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Showing 1-10 of 11 reviews(2 star)show all reviews
on October 9, 2000
Samuel Beckett's, Waiting for Godot, is a very interesting book. It is pretty hard to get into, though. It was very hard for me to get into because at first I really did not understand it. I kept saying to myself how stupid Didi and Gogo were. I just couldn't understand why they would not leave, why they were waiting on Godot. They would just sit around all day waiting for someone they had never met. Day after day they did the same thing, and every morning they would ask each other what they were going to do that day. Every day they had the same answer, they were going to wait on Godot. This book has a lot of references to God and the bible, but Beckett never comes out and says, "Godot is God." This really was not my kind of book. It deals with God and who God is, and not giving up on waiting for God. If you like that kind of thing, this is the perfect book for you. It will make you think and question your belief in, exactly, who God is. I will admit, I would never have read the book if it was not required for my English class, but I'm glad I did. Once I understood exactly what was going on, it was a lot more interesting. If you are someone looking for joyous reading I would not suggest you get this book, but if you are required to read it, try your best to understand it first and the reading will be a lot easier and a lot more fun for you.
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on October 9, 2000
Samuel Beckett's, Waiting for Godot, is a very interesting book. It is pretty hard to get into, though. It was very hard for me to get into because at first I really did not understand it. I kept saying to myself how stupid Didi and Gogo were. I just couldn't understand why they would not leave, why they were waiting on Godot. They would just sit around all day waiting for someone they had never met. Day after day they did the same thing, and every morning they would ask each other what they were going to do that day. Every day they had the same answer, they were going to wait on Godot. This book has a lot of references to God and the bible, but Beckett never comes out and says, "Godot is God." This really was not my kind of book. It deals with God and who God is, and not giving up on waiting for God. If you like that kind of thing, this is the perfect book for you. It will make you think and question your belief in, exactly, who God is. I will admit, I would never have read the book if it was not required for my English class, but I'm glad I did. Once I understood exactly what was going on, it was a lot more interesting. If you are someone looking for joyous reading I would not suggest you get this book, but if you are required to read it, try your best to understand it first and the reading will be a lot easier and a lot more fun for you.
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on April 29, 2000
When I give this play two stars, I am not doing so in an attempt to discredit it, or to say it is a bad piece of work. The two stars that I have given it is simply a rating on how much I understood it and its themes....which is very little. Perhaps I am not a deep enough thinker to understand this, or perhaps I was simply not in the proper frame of mind when I read it.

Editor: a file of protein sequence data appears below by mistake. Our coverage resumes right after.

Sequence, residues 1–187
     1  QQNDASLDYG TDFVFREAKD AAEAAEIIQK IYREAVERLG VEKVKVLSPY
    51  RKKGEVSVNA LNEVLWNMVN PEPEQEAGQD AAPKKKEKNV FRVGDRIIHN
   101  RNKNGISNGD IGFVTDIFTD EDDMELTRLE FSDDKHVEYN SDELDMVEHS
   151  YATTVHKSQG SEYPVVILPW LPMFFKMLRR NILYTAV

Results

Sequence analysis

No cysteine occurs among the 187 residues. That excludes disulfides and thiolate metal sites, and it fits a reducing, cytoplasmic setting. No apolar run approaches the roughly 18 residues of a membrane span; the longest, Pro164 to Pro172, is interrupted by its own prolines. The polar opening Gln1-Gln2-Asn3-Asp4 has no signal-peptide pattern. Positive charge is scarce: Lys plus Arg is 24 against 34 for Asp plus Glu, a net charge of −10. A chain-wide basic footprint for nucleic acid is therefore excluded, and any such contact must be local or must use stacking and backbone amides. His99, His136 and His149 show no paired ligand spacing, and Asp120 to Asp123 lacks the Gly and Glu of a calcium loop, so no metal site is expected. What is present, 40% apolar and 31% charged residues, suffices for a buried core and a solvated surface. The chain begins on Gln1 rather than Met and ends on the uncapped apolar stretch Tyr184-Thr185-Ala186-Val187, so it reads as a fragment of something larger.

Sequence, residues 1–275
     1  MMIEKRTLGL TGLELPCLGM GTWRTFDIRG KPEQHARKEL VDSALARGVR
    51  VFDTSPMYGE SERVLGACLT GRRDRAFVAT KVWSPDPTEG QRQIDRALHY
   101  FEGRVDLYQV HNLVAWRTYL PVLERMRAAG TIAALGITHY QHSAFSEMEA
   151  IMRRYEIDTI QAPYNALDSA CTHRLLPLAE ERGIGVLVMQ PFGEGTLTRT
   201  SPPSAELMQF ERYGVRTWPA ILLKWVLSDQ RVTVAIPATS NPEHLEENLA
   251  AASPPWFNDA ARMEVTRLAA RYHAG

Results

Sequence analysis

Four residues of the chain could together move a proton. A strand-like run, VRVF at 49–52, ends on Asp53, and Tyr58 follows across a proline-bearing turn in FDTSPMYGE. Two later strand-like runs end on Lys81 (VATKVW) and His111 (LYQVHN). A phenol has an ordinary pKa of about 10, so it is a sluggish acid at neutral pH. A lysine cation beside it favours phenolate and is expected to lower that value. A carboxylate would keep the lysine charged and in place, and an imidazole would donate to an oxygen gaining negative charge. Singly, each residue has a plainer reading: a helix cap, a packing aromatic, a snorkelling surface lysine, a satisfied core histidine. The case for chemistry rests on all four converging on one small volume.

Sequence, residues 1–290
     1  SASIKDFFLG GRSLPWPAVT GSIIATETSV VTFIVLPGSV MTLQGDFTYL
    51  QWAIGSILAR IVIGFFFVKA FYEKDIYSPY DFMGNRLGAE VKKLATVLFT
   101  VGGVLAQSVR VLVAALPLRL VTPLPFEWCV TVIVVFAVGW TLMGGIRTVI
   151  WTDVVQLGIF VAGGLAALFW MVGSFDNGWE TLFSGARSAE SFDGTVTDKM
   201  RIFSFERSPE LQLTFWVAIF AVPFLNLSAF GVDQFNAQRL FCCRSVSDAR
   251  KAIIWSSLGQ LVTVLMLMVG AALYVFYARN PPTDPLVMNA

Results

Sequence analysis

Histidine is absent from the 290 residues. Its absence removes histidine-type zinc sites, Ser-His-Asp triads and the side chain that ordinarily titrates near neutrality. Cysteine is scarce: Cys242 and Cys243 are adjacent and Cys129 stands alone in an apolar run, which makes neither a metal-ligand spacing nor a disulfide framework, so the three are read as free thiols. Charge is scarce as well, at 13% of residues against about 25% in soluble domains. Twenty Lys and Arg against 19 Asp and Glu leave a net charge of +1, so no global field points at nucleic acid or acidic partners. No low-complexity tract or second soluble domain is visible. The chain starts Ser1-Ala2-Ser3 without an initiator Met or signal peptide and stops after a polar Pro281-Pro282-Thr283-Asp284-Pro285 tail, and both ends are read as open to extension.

Regardless, "Waiting For Godot" is very much a masterpiece, but I have a hard time understanding what it is about. I do not agree with the negative reviews that it has been receiving, but on the other hand, I can understand where they're coming from-- this play is extremely hard to follow. The dialogue is very complex, and the theme, though I think if I concentrate hard enough I can understand, is so jumbled together in my head, that there are simply no words to describe it.
I urge you to read this play, if for nothing else than for how it challenges your mind. I'll be thinking about it for a long time, even if I don't quite comprehend it.
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on July 26, 1999
the entire play was on the pointlessness of our exsistance, of our waiting for an answer from somewhere (Godot, God, or whatever other translations you wish to put on it). But with the lack of development from the characters, and so much room for interpritation that one can never be sure of any of the finer points, it made for a frustrating read. In fact upon many any point that this book was attempting to make would be compleatly lost. It is in my recomodation that if you wish to read a book on the futile and pointless life that we are living, pick up "L'Estranger" by Albert Camus. And after all that I'll sit back and laugh at my self, for sitting and reading this, waiting the whole time for something to happen in this bloody play.
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on September 28, 2000
Waiting For Godot is a classic. I know it's really shaped how modern plays. But wow... this play is frustrating. It has it's moments, but for a majority the play you just want to bang Didi and Gogo's heads against one another. When I was reading this I couldn't help but wonder what people saw in it. I really had to struggle to get through it. If I hadn't been required to read it for my drama class, I would have tossed it out my 3rd-floor apartment window. Do read it if like me, you're interested in writing plays. But if you're just reading it because a friend was raving how good it was, give it a miss. They're probably just "being" pretentious drama majors who couldn't tell art from a scribble done by a two-year old.